In addition to the choice between hard roof and no roof, the G37 can be skewed toward sport or luxury, depending on your predilections. Transmissions are a seven-speed automatic or a six-speed manual. Luxury touches like adaptive headlights (the kind that steer into the turn) and intelligent cruise control that uses radar to maintain the gap to the car ahead, vie with sport options like monster brakes and 19-inch wheels with track-ready tires.
The G37 has a pretty cousin over at the Nissan stand, the new 370Z. While the Z-car arrives first as a closed coupe, fear not, it will shed its top in due time, with a convertible option slated to arrive in the 2010 model year. The new car is lighter and tauter than the 350Z it replaces, with a particular trimming of the car’s tail, giving the Z a rear end that harkens back to its much younger self of 1970 — an accomplishment others would no doubt like to emulate.
Al Castanets, vice president of sales for Nissan, accurately identifies the new style as “respectful but not retro,” as it evokes the original Z-car without aping it. The V-6 engine muscles up to 332 horsepower — a 10 percent increase — while boosting fuel economy by one mile per gallon. This is thanks to a weight loss program that slimmed the Z down by an astounding 225 pounds.
Ford’s Mustang has a few years on the Z-car (which went by its maiden name of Datsun back when the 240Z arrived in 1970), but as with the new Nissan, the fast Ford aims to portray a fresh version of its original self.
The 2010 Mustang carries the signature “hockey stick” crease along the sides first seen in the ’64½ model (as they called it that back then, when new models didn’t arrive in the fall as God intended). It also has sequential rear turn signals that flash in series from the inside to the outside of the car when turning, though these are borrowed from the Thunderbird of that era, or the Mercury Cougar, if you prefer, not the Mustang.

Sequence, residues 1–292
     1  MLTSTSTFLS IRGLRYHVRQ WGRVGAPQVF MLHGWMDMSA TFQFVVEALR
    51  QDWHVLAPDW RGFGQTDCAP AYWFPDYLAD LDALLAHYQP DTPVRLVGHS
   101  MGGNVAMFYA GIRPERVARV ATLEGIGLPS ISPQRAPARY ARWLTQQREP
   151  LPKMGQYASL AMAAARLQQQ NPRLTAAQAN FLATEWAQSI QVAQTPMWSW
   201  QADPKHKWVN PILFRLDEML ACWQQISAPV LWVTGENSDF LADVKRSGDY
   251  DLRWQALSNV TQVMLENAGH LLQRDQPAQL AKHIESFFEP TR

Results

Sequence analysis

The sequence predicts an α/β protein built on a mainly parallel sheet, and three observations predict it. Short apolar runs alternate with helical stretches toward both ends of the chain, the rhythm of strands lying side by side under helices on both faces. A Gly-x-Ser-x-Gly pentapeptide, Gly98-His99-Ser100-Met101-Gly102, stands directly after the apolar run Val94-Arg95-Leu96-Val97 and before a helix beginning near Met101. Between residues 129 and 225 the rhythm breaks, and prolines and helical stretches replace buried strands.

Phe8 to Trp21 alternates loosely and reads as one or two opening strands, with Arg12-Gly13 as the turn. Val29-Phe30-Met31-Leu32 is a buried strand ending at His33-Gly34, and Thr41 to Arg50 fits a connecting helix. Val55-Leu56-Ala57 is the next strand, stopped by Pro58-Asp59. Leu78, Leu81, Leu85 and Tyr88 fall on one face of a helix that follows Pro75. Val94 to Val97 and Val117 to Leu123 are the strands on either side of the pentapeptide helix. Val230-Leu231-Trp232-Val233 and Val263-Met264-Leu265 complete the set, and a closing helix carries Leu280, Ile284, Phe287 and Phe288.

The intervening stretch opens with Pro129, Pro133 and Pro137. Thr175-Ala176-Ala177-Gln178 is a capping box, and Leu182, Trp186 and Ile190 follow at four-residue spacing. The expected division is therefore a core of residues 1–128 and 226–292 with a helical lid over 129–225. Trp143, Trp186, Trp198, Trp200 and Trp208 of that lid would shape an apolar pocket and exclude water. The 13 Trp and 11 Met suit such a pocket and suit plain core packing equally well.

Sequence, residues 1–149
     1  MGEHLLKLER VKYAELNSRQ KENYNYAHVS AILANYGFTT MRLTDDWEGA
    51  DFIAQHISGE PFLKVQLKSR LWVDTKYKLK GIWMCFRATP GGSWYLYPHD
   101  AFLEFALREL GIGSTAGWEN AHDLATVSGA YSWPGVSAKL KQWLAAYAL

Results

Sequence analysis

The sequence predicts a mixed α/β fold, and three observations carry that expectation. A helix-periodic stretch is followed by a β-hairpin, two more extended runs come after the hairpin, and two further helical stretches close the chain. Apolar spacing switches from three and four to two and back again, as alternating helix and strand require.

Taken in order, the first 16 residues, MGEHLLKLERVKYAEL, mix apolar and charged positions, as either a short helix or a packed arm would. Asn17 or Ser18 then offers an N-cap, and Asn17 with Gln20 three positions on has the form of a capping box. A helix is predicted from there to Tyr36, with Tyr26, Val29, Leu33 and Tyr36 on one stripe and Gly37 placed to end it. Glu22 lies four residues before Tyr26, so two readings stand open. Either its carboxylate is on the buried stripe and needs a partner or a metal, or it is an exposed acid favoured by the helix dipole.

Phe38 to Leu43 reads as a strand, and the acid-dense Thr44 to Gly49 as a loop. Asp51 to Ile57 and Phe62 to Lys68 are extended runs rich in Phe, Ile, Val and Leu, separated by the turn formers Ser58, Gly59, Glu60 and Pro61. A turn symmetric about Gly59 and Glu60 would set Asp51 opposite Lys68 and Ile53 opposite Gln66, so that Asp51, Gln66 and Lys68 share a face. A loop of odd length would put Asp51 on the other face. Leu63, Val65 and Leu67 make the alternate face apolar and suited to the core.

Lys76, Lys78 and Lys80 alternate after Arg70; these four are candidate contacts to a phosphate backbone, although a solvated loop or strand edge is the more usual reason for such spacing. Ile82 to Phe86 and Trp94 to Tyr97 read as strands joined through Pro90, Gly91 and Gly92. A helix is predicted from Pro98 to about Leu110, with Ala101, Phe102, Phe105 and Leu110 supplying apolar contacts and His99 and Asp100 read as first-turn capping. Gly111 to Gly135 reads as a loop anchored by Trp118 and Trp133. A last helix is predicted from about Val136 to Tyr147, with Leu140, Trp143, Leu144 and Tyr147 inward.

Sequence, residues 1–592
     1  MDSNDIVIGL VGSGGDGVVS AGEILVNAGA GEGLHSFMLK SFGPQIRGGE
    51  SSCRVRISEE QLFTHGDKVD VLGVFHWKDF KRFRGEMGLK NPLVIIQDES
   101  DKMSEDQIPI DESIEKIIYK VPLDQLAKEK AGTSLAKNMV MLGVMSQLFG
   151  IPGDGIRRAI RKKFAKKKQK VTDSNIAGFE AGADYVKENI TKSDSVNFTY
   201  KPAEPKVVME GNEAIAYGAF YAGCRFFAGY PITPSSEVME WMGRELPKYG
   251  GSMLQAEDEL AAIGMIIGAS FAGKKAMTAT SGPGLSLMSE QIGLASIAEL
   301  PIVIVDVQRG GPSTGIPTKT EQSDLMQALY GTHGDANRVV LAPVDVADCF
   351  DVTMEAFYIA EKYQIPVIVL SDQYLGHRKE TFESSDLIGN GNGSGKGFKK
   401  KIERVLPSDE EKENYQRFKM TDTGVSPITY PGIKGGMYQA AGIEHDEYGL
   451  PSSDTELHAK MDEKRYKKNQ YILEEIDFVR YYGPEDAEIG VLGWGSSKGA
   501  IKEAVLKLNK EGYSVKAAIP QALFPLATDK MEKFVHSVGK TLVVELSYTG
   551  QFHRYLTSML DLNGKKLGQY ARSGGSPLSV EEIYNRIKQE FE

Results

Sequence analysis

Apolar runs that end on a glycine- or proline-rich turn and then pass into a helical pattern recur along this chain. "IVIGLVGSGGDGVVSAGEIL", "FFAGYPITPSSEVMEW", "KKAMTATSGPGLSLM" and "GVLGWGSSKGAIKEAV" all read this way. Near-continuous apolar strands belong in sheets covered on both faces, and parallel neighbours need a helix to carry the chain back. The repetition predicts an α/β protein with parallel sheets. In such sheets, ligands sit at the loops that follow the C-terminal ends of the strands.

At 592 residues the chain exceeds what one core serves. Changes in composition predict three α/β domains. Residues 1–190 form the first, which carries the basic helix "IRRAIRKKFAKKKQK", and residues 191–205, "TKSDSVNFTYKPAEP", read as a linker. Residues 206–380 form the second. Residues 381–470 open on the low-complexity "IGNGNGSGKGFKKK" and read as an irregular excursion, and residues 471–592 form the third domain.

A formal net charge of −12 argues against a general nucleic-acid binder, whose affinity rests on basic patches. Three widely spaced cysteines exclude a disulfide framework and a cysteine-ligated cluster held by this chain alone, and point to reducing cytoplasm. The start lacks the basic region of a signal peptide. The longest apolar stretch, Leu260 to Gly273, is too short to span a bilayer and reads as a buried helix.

As is expected, the 'Stang’s V-8 engine is more powerful with 315 horsepower, up from 300. The suspension is revised for improved ride and more precise handling. The body sculpting includes the addition of a front splitter that blocks air from getting under the car for reduced aerodynamic drag and less lift at high speeds for improved stability.
As with the Z-car, naturally, a convertible Mustang will follow this hardtop, so stock up on sunscreen and bide your time if that’s what you really want.
But if this celebration of wind in the hair and internal combustion seems a bit anachronistic in these anxious times, automakers are also thinking the days of such cars are numbered. That doesn’t necessarily mean an end to sexy lines and sporty handling.
Honda exhibited the FC Sport Design Study, a compact two-seat coupe that evokes the company’s popular CRX runabout of the 1980s. But this future sports car is powered by a hydrogen fuel cell that emits only water vapor for its exertion, no pollution.
The FC Sport Design Study is only the beginning of socially responsible sports cars, and one day we will surely marvel at the stunning performance provided by similarly powered machines.